Healthcare now makes up nearly one-fifth of the U.S. gross domestic product, and this number is only expected to rise, along with the aging U.S. population and prevalence of chronic disease. Last year alone, employers spent close to $700 billion on employee healthcare coverage. (More large employers are cutting commercial insurers out of the equation, working directly with providers to self-insure their employees’ healthcare.)
As a result of these ballooning costs, the shift toward value-based care and rapid technological innovation, the healthcare sector is receiving closer scrutiny than ever before from policymakers, payers and the public. These factors place ever-mounting pressure on today’s healthcare executive to reduce the cost of providing care while improving patient outcomes. Fortunately, technological advancements coupled with digital innovation and the use of augmented intelligence to gather data and sharpen the benefits of population health have the potential to reduce the marginal cost of care, despite the larger overall spend.
The health system needs to manage not only the overall costs of operating the organization but also continued investment in new technologies and in identifying innovative ways to deliver care at a reduced cost.
With the U.S. population aging, the demand for healthcare services will surely increase, as will the overall spend. Simultaneously, and fortunately, technological advancements can mean significantly more treatments available to care for this growing demographic.
Ideally, technological advancements (such as more targeted and effective cancer therapies) coupled with digital innovation and the use of augmented intelligence to gather data and sharpen the benefits of population health will increase the opportunity to reduce the marginal cost of care, despite the larger overall spend.
Amid these trends and pressures, health systems have a tough balancing act: manage the overall costs of operating the organization while simultaneously continuing to invest in new technologies and new processes to deliver care at a reduced cost.
At the institutional level, horizontal integration often can help a system build scale and create efficiencies while building capital reserves to make the investments needed for the future. Historically, health systems have worked to expand into multi-corporate systems where the full continuum of care is offered—primary care, acute care, and post-acute care.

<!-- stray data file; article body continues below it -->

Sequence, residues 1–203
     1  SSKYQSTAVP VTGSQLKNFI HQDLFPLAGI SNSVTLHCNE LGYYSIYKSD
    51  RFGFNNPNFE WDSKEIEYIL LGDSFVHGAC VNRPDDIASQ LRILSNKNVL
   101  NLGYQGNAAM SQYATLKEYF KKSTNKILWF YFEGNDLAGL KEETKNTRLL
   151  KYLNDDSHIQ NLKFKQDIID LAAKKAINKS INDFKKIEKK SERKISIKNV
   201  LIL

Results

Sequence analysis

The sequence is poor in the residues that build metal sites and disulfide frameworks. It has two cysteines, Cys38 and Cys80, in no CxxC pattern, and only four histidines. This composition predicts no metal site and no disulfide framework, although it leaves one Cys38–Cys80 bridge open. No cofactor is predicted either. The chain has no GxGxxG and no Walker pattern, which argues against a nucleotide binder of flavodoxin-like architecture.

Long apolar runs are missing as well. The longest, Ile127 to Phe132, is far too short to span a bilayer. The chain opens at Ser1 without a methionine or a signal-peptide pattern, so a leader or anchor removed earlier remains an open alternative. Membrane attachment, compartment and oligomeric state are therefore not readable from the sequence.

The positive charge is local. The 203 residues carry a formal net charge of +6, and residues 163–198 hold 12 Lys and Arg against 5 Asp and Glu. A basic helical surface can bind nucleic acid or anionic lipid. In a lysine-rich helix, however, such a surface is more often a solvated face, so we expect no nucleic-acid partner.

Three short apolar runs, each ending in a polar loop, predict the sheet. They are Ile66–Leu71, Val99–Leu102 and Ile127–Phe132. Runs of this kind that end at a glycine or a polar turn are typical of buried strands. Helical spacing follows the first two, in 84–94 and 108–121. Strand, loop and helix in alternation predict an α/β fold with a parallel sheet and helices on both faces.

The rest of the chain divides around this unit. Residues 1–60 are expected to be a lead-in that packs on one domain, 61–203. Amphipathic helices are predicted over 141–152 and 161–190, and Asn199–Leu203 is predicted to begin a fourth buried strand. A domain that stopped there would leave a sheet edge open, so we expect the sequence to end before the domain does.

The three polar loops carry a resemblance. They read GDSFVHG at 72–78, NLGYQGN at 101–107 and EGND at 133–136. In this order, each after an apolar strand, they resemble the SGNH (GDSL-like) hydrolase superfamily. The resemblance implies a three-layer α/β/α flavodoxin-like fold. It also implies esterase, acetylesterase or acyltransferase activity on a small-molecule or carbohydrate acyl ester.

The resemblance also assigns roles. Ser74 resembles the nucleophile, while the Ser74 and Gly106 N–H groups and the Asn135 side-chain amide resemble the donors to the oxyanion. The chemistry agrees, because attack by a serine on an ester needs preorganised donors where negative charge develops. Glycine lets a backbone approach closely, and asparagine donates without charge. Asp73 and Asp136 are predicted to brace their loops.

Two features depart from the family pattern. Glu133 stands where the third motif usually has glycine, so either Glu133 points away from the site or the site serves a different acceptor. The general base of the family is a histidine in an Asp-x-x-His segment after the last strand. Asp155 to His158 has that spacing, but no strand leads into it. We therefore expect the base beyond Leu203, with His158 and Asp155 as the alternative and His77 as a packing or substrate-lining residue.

This horizontal expansion at the care level continues in today’s market, but with a new recognition that it may be missing two key components along the vertical axis of integration: (1) better control over the financial aspects of care funding and delivery, and (2) enhanced and integrated access to innovation to drive new ways to deliver services using an intensified focus on data analytics.
These two drivers have captured the imaginations of healthcare CEOs, and are fueling an onward push by health system CEOs to expand—but to do so in partnership with players beyond the health system’s traditional business lines, including teaming with entities historically not involved in healthcare. The overall aim remains the same: to maximize the health system’s ability to deliver the right amount of care, at the right time, in the right place, for the right price.
Here's a look at two areas to consider before pursuing a new partnership:
Get your data in line
Careful strategic planning can help the system lay the groundwork for productive collaboration. A prerequisite for any successful partnership—particularly one involving players that historically have not operated in the same subsector space, or even the healthcare sector at all—is to first know thyself. In the healthcare world, this means pooling and understanding your data.
The Catch-22 for many health entities, however, is that it is inefficient for every hospital or health system to create its own data center, yet health systems are often reluctant to utilize third-party cloud-based systems or to team with other health systems for fear of losing control of their data.
What to do? The answer is to overcome the reluctance and team up. Partnering with other health systems or with a third-party cloud-based system, or both, can be a gateway to gaining insight through efficiency and innovation, and with measurable back-end results. Health systems can realize the full power of their data to reduce costs, boost efficiency and improve patient care, but achieving these results alone has become difficult, and perhaps impossible.
Harness the power of tech partnerships
Once the health system has marshaled its data, whether in collaboration with another system or with a third-party cloud-based system, it has firmer footing to engage with non-traditional players outside of the health industry.
Tech companies, in particular, have tremendous resources at their disposal: not only financial capabilities but the knowledge of their engineers and analysts. Healthcare systems may have vast data, but tech companies have the tools necessary to help them actually deploy it in a meaningful way—all in a manner tailored to the individual health system’s needs so as to drive substantive change both in care delivery and through reinvigorated data processes.
Tech collaborations also empower a health system to position itself at the forefront of patient care innovation. In today’s environment of disruption coupled with mounting pressures around costs, an innovative tech partnership not only can help a health system maximize its ability to deliver better care and meet demands to minimize unnecessary costs—it can transform the health system from “disrupted” to “disrupter.” When done carefully and with eyes open, the traditional health system taking the plunge and teaming with the right disrupter can deliver improved care at a reduced cost.
Stephen Bernstein is a partner at McDermott Will & Emery.